• Plan work with external parties.

Work flows could benefit from introducing bespoke tools that are streamlined towards the main tasks. The use of desktop office tools doesn’t have to be the most efficient for the users. Offering simple, tailor-made solutions may significantly raise productivity and lower error rates. Also, tools that are web-based can be used on any device.

In many cases it is not needed to use editable office documents. Increasing the use of PDF should be considered.

In case where exchange of editable documents is mandatory, work on the content first and do the final full formatting as a last step.

Software, tools

  • Automatic conversion and communication

Try to make it convenient to handle incoming old formats through email by for instance automatic conversion, and sending an automated reply back to the sender that his or her document needed to be converted. It is socially awkward for humans to signal this manually every time, but such a notice back sends an important message.

Social aspects and communication

  • Goals must be clearly.
  • Positive communication and signals.
  • User expectations must managed.

In every phase the goals of the project should be explained clearly. Why has been chosen to switch to ODF? Users should be given the true and positive reasons to migrate and to co-operate.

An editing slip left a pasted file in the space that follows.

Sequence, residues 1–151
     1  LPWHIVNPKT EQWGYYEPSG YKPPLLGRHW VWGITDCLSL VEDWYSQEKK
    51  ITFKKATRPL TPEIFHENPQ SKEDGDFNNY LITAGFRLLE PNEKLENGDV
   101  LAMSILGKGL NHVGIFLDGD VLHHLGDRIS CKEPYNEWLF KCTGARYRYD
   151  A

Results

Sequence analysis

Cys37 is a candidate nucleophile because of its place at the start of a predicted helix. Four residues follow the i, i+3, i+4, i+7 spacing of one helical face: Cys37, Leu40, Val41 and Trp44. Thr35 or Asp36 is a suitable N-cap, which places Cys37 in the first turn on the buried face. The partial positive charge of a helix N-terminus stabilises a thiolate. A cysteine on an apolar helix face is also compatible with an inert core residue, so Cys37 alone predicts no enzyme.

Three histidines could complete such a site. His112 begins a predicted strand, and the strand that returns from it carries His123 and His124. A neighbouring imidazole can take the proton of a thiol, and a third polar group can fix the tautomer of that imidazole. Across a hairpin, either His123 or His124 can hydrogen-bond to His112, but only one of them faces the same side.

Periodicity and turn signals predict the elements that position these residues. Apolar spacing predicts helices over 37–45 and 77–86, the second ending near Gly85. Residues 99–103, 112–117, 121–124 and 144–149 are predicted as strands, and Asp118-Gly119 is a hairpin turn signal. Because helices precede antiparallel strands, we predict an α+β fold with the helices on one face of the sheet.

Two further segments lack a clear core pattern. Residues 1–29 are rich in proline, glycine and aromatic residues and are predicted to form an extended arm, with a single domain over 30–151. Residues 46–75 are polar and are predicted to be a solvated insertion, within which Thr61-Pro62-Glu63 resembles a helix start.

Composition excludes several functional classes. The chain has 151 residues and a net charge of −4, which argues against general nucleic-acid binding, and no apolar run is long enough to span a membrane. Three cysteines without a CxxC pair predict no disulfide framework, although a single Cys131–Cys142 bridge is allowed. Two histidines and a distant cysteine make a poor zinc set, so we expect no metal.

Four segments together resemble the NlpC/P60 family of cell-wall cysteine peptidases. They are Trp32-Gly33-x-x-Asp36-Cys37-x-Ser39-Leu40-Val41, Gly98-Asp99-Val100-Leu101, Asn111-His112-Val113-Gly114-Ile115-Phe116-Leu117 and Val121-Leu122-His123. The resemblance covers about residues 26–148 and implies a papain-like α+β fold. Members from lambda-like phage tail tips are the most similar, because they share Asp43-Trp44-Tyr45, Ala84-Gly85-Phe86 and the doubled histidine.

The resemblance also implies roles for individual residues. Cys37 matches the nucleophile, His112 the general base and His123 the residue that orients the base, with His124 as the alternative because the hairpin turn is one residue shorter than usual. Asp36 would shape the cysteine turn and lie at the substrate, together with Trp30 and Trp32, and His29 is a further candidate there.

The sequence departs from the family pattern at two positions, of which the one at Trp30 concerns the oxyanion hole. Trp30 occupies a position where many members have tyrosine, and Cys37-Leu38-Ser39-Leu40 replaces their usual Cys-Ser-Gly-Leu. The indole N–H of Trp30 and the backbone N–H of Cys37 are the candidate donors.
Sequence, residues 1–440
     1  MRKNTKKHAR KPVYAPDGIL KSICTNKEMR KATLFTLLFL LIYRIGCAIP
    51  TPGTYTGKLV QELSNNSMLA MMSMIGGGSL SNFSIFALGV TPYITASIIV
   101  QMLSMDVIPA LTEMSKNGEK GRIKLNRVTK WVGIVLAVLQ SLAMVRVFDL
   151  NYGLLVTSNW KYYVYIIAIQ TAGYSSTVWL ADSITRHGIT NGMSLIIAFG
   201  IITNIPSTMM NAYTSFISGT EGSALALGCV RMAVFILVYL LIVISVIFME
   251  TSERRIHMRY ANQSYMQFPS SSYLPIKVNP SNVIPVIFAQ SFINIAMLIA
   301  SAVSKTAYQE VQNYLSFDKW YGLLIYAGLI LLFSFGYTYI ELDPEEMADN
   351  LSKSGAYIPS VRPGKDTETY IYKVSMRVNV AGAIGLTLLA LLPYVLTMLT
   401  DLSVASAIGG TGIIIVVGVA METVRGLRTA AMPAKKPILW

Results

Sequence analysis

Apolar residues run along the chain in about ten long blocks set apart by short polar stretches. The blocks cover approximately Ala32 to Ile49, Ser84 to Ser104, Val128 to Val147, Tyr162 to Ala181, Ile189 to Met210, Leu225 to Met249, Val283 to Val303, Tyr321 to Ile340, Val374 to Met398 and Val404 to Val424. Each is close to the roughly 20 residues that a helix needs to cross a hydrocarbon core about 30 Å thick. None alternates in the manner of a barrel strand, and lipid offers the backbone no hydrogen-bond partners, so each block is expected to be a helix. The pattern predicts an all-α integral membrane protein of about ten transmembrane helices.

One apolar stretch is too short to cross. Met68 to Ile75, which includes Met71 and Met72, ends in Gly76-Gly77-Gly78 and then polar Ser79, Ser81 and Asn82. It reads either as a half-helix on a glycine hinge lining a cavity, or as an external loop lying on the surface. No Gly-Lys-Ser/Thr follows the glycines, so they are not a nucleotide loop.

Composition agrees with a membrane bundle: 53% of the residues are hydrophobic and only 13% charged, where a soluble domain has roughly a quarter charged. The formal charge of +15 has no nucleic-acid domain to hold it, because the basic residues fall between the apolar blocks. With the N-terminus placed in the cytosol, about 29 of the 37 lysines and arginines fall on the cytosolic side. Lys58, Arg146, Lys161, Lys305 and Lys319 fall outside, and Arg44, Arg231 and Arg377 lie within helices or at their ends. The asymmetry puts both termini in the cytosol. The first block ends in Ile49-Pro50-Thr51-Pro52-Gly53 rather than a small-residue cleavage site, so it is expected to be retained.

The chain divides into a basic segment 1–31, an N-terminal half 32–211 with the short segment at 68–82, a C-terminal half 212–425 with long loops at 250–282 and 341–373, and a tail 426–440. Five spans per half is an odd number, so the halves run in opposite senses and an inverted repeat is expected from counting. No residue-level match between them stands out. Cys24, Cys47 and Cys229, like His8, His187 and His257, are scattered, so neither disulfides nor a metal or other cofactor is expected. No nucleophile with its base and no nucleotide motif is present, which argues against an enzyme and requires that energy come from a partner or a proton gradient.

The way in which users talk about a product – and in particular the most prominent users in an organisation – has a very real effect on the acceptance of that product. What the head of marketing or the CEO says about it, what Jenny (who has worked in the organisation for 30 years) thinks about it, what the author of the internal company magazine writes about it, these are all very important aspects.

Every time something that involves a large group of people has to be done – whether this is the implementation of new software, new soap dispensers or a new bikeshed – unexpected problems will occur. One cannot “plan too much” for a project in which a lot of people are involved.

While it makes sense to allow time for new technologies to settle in with the organisation and its processes, you need to be clear what will be supported and what not at the end of the migration process. Set out an explicit policy and publish a clear, strict deadline.

Ask users for advise on their work and important tasks, to help preparing tools, tests and trainings.

Find the ambassadors

  • Find the potential ambassadors and involve and help those in a special way

Identify, involve and train potential internal experts, that have a talent and curiosity for innovation; people that are respected by their colleagues. They will be an example in the new situation and can also assist others by answering questions.

These ambassadors can be taken to special invents with explanation about the plans and the benefits. They can be asked for their advice, for example how they perform their work on a daily basis and ensure that they do not encounter any problems. Use their advise to decide about the spending of funds, and do tell them are spent. If new software will be deployed, give demonstrations and show some of the cool functions of the software.

In lager groups there will always be at least one who does not want to change to a new situation. Be prepared for that, and address the resistance in a friendly, helpful but decisive manner.

Reward, use gadgets